Monday, July 14, 2014

Personality Profiles - The "Mall Map" of Secular Psychology

The shopping mall.  Those bastions of retail commerce and chain franchises.  Consumerist wonderlands that dotting the country from Los Angeles to New York.

Although I don't make it a habit to frequent such bastions of retail commerce and chain franchises, I've been in a few here and there.  I've been to some of the smaller ones growing up in my home town, I've visited them here and there as the need arose living wherever we were, and I've even been in some of the larger ones in the United States while travelling on business. 

I am by no means a "Mall Expert", but I have noticed a few things that are common to all of them.

One feature they all share are both unavoidable and ubiquitous. Sometimes a simple sheet of plastic, sometimes a lighted kiosk, and sometimes a full-blown interactive multimedia experience.

The map. Those indispensable visual vanguards that lay out every store, restraint, exit, stairwell, restroom, and every other highlight or point of interest contained in those gilded walls.  (And, if you find a really good one, they may even give you the infinitely helpful "You are here" marker).  They can be immensely helpful to determine your position in relation to landmarks and shops; they show you where you can go, but lack one very important piece of information, (but we'll get to that later...)

I've recently completed a class on an introduction to psychology.  It was quite interesting to hear many of the theories of behavior and the people and historical events and popular ideas that influenced them.  (It was really interesting to compare and contrast what was being taught to the teachings of the Gospel, especially Elder Maxwell's thoughts on the Gospel and behavioral sciences).

One of the topics that was covered was the study of personality and personality development.  The class  reviewed the different theories and aspects of personalities and personality development, as well as talking about the authors of the different approaches and the historical and academic background that may have influenced them and their ideas. 

One of the last sections was talking about the methods and tests that have been developed to assess
and categorize personality and personality traits.  We covered shallow but broad overview of the major types of personality tests and their pluses / minuses from Rorschach inkblots to Myers-Briggs  Inventories.  There are many more that I've seen or heard about dealing with colors, or seasons, or "Which Disney movie are you" or other such things that pop-up on Facebook here and there. I've taken a few of these before, some as part of corporate team-building exercises, some as related to different activities in academic circles, some as part of career counseling and job searches, and some just out of curiosity.  They all seem to be somewhat accurate and highlight traits that I have noticed in myself, or patterns of behaviors that I have seen in myself, (although didn't always tell the whole story).  It has also been interesting to compare with others that I took the same test with and see how accurate theirs was compared to things I have seen in them.

Some of the tests included not just traits, but suggestions for what activities or interests someone with that personality may find an interest it, or situations that the personality profile may succeed in or find difficulty with.  The information was interesting, and in some instances aligned with what I had noticed as common to people with the identified personality types.  Something, however, was missing, and although I haven't done a totally exhaustive search of all these different tests and assessments, didn't seem to be common among them.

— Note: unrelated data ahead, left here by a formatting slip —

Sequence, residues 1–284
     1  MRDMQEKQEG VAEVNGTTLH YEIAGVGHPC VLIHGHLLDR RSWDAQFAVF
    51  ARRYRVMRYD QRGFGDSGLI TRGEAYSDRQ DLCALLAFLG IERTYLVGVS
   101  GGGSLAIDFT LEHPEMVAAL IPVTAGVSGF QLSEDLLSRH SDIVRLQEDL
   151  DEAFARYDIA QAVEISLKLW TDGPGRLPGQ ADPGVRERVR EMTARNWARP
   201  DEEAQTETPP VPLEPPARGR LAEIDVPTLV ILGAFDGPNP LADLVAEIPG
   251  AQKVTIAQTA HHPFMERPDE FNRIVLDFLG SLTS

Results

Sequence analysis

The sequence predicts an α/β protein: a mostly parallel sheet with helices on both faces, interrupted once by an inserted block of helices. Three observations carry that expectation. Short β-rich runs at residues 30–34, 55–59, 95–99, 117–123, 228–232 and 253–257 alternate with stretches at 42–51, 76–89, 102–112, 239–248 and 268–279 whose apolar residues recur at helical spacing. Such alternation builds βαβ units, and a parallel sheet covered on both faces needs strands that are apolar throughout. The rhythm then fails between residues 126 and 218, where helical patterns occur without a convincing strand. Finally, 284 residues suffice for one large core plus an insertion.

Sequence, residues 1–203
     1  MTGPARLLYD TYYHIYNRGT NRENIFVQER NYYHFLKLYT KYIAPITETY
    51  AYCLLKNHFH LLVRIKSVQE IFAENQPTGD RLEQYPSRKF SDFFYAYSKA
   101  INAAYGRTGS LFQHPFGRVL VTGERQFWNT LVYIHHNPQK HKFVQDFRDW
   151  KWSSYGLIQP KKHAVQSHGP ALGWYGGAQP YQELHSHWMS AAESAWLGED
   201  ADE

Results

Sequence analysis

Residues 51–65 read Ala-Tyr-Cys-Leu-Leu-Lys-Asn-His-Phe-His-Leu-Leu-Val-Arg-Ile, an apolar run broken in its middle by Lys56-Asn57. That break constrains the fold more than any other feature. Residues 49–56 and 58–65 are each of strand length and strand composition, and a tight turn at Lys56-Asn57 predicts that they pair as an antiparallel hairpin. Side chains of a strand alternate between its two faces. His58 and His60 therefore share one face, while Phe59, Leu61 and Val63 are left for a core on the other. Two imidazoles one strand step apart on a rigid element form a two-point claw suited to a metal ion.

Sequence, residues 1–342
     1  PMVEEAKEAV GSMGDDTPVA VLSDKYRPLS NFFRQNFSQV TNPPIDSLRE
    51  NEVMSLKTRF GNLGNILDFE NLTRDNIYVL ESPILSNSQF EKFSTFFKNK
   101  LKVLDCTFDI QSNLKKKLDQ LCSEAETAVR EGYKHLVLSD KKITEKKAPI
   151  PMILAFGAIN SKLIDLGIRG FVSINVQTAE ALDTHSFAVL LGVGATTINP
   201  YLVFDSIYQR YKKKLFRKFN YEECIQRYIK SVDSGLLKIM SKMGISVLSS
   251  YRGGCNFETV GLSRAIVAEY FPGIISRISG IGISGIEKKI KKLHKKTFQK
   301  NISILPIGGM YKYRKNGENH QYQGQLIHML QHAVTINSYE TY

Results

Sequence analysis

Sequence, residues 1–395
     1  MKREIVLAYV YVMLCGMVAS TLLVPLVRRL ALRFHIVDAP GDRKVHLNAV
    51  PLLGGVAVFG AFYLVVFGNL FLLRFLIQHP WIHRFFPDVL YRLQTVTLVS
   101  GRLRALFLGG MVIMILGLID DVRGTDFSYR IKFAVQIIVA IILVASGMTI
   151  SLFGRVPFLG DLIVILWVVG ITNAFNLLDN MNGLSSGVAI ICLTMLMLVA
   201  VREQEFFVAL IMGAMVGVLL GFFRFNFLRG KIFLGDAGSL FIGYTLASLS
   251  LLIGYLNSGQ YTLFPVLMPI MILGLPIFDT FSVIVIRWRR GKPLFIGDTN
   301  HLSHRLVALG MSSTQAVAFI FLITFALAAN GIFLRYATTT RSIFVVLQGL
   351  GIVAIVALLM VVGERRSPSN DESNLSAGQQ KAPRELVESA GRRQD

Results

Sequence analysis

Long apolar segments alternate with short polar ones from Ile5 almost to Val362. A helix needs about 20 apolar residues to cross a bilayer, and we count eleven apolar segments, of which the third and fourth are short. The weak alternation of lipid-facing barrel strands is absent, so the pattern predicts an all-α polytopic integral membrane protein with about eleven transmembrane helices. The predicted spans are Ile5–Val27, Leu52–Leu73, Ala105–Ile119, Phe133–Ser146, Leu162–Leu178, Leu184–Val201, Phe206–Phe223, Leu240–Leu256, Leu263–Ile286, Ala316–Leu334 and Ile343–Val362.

A few months ago I was home alone for a week while the rest of my family had headed out to the beach for a vacation with the extended family. I had just started a new job and didn't have enough time-off accrued to join them, but while I was taking my own "fam-cation" I decided to do something that I hadn't done in a long time that I almost forgot was even possible - I went to see a movie.  It wasn't in a dollar-theater, or rated G, or include a cast of purely animated cartoon characters, and there were no Disney-esque sound effects or sight gags, did not involve 12 trips to the bathroom, settling sibling disputes about who got to sit where or who was touching who, and did not require fending off countless requests for bags of fluffy white trans-fat laden sodium delivery systems or small vats of liquid mind altering and diabetes inducing chemical payloads that would require us to wipe out our 401(k) (or what's left of it) to afford to feed everyone. It was quite foreign but strangely familiar, like a long lost, forgotten dream.

I walked into the mall where the theatre was located, and while passing a gaggle of what must pass these days for "Southern Belles", I noticed the mall map, with it's multi-leveled diagrams with color-coordinated "zones" and locations of exits and bathrooms.  I took a quick glance as I was walking by to get the "lay of the land" just in case I needed to make a hasty exit in case of fire or the ever increasing "active shooter" event, or just kill some time before the show and see what was close at hand.  I scanned around and found a bright orange dot sticker followed by the words, "You Are Here", and the other landmarks of interest relative to my position.